Samui Wining & Dining
A Model of Consistency

Black Forest Distribution, the German wine professionals who never compromise on quality

 

5 Importing wine to Thailand, and distributing it to up-market resorts, hotels and restaurants, sounds like a dream occupation. Indeed, more like a vocation, or even a mission. And in some respects, it is a perfect way for someone, who is truly passionate about wine, to spend his time. Add to that the tropical environment and relaxed Koh Samui lifestyle, and it must beat most ordinary people’s daily occupations.

     However, it is easy to fall into the trap of seeing other people’s jobs through rose coloured glasses. As German born Matthias Gerbert, Koh Samui’s branch manager for Black Forest explained, being a relatively small wine and beverage distribution company in Thailand does have its challenges. With no historical wine culture, this country is still not really aware enough of the intricacies of wine protocol. Often, wine is treated as a mysterious foreign product, not easy to quantify or clarify. Sometimes perceived solely as a rich man’s commodity. And unfortunately, the customs officers at the container docks, near Bangkok, can be guilty of not showing Black Forest’s cargoes, of precious imported wines, enough respect. Often delaying the container’s release, on erroneous misdemeanours, in order to extract kickbacks. Not ideal, when time is of the essence. The wine urgently needs to get to safe and climatically control

led storage facilities. Considering the Customs and Excise department already impose a huge import duty on all wine brought into the country, far higher than any other alcoholic beverage, one would like to think its passage would be smoother! Luckily for the thirsty wine drinkers here, Black Forest’s commitment to bringing in, and keeping in perfect condition, their hand picked quality wines remains resolute. And the grateful wine enthusiast’s drinking pleasure is all the richer for it.

 

       Black Forest managing director, Hans-Peter Blumer, personally chooses the wine selection they offer. Also from Germany, Peter founded the company back in 1994, whilst in Phuket. He had noticed how, at that time, the choice of quality beverages was very limited. And being a connoisseur, Peter got the idea of looking into the options of importing to the island. The task was to look for wines that would suit the climate, cuisine and conditions found in Thailand. It seems like a very obvious thing to do now, but at that time, this was forward thinking. The wines that suit this climate are very different to those heavier, fuller-bodied wines that thrive in colder countries. And of course, the cuisine here means much more emphasis needs to be put on the white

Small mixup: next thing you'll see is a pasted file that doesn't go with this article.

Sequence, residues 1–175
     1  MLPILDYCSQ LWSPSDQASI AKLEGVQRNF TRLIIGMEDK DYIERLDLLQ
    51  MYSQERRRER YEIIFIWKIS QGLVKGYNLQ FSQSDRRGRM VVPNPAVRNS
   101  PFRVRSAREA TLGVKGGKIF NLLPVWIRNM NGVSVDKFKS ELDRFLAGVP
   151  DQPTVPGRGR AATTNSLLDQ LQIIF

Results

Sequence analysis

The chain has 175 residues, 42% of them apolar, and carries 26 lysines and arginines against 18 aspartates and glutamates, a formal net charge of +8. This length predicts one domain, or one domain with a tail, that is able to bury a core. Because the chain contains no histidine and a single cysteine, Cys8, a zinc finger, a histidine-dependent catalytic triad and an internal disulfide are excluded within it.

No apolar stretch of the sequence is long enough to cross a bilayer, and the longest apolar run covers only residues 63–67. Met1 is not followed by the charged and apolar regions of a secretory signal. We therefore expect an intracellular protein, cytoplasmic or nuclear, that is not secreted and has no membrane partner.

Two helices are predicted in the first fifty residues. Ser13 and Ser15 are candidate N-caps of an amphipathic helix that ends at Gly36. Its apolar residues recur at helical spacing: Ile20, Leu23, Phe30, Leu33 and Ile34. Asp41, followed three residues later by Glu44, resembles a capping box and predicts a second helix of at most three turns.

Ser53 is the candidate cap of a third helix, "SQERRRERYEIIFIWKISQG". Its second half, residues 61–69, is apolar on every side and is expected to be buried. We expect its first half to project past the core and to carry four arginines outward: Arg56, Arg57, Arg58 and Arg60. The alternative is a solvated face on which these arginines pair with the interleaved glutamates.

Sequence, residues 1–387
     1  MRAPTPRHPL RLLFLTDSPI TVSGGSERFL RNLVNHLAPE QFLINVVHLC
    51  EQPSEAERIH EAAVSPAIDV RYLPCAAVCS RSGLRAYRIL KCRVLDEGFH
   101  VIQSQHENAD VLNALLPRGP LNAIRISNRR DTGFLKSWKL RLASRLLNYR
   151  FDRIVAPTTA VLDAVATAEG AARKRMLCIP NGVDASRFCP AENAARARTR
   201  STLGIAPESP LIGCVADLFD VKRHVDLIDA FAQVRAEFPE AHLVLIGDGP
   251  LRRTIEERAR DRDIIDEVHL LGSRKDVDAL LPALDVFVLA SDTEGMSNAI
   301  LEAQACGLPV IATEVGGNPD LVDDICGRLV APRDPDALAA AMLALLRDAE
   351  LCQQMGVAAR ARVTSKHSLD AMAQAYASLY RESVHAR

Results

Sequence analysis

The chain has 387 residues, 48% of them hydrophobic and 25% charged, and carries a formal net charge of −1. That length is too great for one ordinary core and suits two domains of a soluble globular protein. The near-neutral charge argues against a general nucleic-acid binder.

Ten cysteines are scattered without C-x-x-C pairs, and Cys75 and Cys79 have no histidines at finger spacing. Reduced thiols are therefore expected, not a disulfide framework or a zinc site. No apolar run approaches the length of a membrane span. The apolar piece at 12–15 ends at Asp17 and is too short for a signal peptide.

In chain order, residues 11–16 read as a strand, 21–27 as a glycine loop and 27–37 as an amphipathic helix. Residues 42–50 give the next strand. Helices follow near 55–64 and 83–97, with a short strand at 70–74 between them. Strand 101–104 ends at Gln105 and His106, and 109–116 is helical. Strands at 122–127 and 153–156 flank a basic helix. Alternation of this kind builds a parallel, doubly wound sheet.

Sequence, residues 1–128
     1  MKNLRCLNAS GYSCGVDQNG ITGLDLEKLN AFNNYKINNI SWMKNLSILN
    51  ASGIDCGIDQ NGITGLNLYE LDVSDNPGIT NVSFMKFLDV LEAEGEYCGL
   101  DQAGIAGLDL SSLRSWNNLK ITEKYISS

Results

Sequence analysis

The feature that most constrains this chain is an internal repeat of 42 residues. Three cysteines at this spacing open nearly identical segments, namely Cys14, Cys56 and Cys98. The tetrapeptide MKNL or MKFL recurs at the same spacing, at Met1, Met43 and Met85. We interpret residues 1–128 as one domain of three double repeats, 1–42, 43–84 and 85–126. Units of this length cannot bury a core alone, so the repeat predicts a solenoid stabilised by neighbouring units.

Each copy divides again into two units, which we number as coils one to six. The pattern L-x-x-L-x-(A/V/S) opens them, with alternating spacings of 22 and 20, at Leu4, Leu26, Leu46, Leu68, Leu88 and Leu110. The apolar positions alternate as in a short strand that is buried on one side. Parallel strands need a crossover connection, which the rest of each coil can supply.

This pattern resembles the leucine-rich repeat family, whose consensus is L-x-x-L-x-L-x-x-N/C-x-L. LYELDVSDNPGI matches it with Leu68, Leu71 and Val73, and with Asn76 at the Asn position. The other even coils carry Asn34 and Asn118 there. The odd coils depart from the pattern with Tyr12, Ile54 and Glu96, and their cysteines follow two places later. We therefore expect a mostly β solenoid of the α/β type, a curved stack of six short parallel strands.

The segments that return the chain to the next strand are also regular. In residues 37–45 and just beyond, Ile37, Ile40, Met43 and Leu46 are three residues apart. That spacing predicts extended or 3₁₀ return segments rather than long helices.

Their focus is wholly on providing
discerning consumers with wines that
genuinely reflect value for money.

  

 

       Many things have changed in the wine world during the subsequent years. But the one thing at Black Forest, never to change, is that when picking their wines, quality is paramount, always. Peter attends wine fairs around the world - looking for the styles of wines he knows work the best here. Black Forest is not a high volume, low price driven supplier. Their focus is wholly on providing discerning consumers with wines that genuinely reflect value for money. Peter-Hans Blumer’s winning philosophy being: “When it comes to beverages you can't fool anyone. People know what they want and they know what it is the very second they take the first sip! The only philosophy that lasts is to provide proper quality - and then we have to fight to get it to the lowest possible price.”

       Here at the Koh Samui branch, Matthias is very enthusiastic about some of the newer arrivals from Italy, Spain and Argentina. The gorgeous Tuscan wines from Ciacci Piccolomini d’Aragona are clearly a range Matthias is proud of. And the tremendous value Argentinian wines from J&F Lurton are proving a very in-demand product for house wine. The white Torrontes Chardonnay winning universal acclaimed amongst of some of the island’s F&B big hitters. But the one wine (again a white wine), that Matthias was most clearly delighted with, was the Spanish Blanc de Pacs (a blend of three different grapes) from Pares Balta. Coming in an elegantly tall bottle, this ‘organic farm grown’, bouncy, mighty white wine, which hails from the Catalonian region of Penedes, packs a surprising punch. Typical of other good examples of organically grown white wines, it will jump out of the glass at you, with intense flavours and vibrant texture. (It often seems to be the case that the more delicate younger white wines are the ones which benefit most from organic growing techniques.) If you want to try something unique and rewarding, look out for this perfect-for-Samui wine gem. For a Spanish white wine, it’s quite a revelation. And, being no more expensive than an average bottle, it’s a great example of Black Forest’s wine selection expertise.

       This company, although quite small, is reassuringly traditional and professional in its approach to wine. True to their philosophy, highly focused, and dedicated to find and provide wines that will never disappoint. They are not interested in gimmicks or fads, just in continuously raising the standard of their splendid wine selection. By taking this straightforward stance, the wine business really can be that simple. Everyone knows that due to taxation, the price of wine is higher than anyone would prefer in Thailand. But in a way, that’s a red herring. It’s an even playing field for everyone. And most wine lovers are still prepared to pay the penalties to drink it. So consistently good quality must be the first priority. And Black Forest’s impressive list of high-end customers proves they are getting this part right. With or without the assistance of the unsympathetic customs officials!

 

 

Peter James


 


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